UBC Theses and Dissertations
Role of aspartate aminotransferases AspB and AspC in the WhiB7-controlled intrinsic drug resistance system of mycobacteria Ng, Carol Ka Lo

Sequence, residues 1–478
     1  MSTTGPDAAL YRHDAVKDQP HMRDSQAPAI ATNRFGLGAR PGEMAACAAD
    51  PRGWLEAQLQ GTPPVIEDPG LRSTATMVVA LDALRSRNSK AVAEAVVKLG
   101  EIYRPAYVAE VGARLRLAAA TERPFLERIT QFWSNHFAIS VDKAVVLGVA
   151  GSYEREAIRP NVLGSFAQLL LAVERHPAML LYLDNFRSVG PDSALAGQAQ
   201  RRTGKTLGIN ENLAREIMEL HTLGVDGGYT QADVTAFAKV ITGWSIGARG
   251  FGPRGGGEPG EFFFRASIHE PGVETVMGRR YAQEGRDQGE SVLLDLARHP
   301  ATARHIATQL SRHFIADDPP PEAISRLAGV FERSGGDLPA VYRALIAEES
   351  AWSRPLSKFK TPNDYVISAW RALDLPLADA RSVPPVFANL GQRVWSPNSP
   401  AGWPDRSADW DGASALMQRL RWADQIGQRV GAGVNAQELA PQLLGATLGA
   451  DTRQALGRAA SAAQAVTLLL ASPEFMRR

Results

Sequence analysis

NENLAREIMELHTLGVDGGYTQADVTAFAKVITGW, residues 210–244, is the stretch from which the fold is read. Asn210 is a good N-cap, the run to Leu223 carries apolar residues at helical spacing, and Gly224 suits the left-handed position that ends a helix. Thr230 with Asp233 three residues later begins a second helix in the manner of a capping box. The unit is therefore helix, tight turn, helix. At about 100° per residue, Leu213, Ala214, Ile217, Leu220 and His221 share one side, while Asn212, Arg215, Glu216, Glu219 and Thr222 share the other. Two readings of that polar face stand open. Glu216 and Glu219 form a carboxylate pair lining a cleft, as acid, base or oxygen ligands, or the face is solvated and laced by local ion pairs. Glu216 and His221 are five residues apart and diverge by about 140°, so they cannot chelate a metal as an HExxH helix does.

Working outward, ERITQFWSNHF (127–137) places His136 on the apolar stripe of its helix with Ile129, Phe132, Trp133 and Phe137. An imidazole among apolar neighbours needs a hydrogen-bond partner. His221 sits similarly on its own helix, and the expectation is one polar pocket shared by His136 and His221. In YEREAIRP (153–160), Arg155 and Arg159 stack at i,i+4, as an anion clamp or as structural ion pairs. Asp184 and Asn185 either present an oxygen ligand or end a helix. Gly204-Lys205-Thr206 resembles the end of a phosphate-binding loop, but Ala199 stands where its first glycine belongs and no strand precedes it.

Intrinsic resistance of the intracellular pathogen Mycobacterium tuberculosis is one of the main reasons that the disease tuberculosis is difficult to treat and why it remains as one of the world’s most prevalent and dangerous infectious diseases. The intrinsic resistance regulator WhiB7 controls a regulon that contains many genes predicted to have physiological functions including aspartate aminotransferases, aspB and aspC. Multi-drug susceptibility was observed in an aspC mutant and an aspB constitutive expression strain. The expression of aspC was positively regulated by WhiB7 while expression of aspB downregulated whiB7 expression. The fitness of Mycobacterium smegmatis was affected negatively by oxaloacetate and positively by α-ketoglutarate, substrates of aspartate aminotransferase, which then altered the growth inhibition by antibiotics. Recombinant AspB and AspC both catalyze measurable transamination of aspartate and α-ketoglutarate. AspC plays an important role in mycobacteria physiology as deletion of this gene caused many growth deficiencies. Furthermore, the physiological role of AspC extended beyond amino acid intermediary metabolism to redox homeostasis and oxidative stress detoxification. These results revealed a link between intrinsic antibiotic resistance and metabolism mediated through AspB and AspC. Since antibiotic resistance in mycobacterium is a complex function of its physiology, it is important to screen for tuberculosis drugs under growth conditions that resemble those found in vivo.
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